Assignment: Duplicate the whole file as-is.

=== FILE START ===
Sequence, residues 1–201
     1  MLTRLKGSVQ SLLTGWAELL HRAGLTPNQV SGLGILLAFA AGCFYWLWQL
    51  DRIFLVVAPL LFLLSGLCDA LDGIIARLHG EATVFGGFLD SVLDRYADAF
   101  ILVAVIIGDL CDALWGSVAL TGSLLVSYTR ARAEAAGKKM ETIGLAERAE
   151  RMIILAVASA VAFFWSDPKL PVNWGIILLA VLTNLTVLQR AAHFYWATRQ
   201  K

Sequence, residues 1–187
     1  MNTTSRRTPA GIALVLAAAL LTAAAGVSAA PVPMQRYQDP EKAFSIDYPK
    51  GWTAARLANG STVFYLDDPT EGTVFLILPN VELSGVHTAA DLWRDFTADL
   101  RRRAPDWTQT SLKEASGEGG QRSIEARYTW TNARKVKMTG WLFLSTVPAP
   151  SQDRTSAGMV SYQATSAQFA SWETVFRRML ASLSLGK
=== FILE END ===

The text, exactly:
Sequence, residues 1–201
     1  MLTRLKGSVQ SLLTGWAELL HRAGLTPNQV SGLGILLAFA AGCFYWLWQL
    51  DRIFLVVAPL LFLLSGLCDA LDGIIARLHG EATVFGGFLD SVLDRYADAF
   101  ILVAVIIGDL CDALWGSVAL TGSLLVSYTR ARAEAAGKKM ETIGLAERAE
   151  RMIILAVASA VAFFWSDPKL PVNWGIILLA VLTNLTVLQR AAHFYWATRQ
   201  K

Sequence, residues 1–187
     1  MNTTSRRTPA GIALVLAAAL LTAAAGVSAA PVPMQRYQDP EKAFSIDYPK
    51  GWTAARLANG STVFYLDDPT EGTVFLILPN VELSGVHTAA DLWRDFTADL
   101  RRRAPDWTQT SLKEASGEGG QRSIEARYTW TNARKVKMTG WLFLSTVPAP
   151  SQDRTSAGMV SYQATSAQFA SWETVFRRML ASLSLGK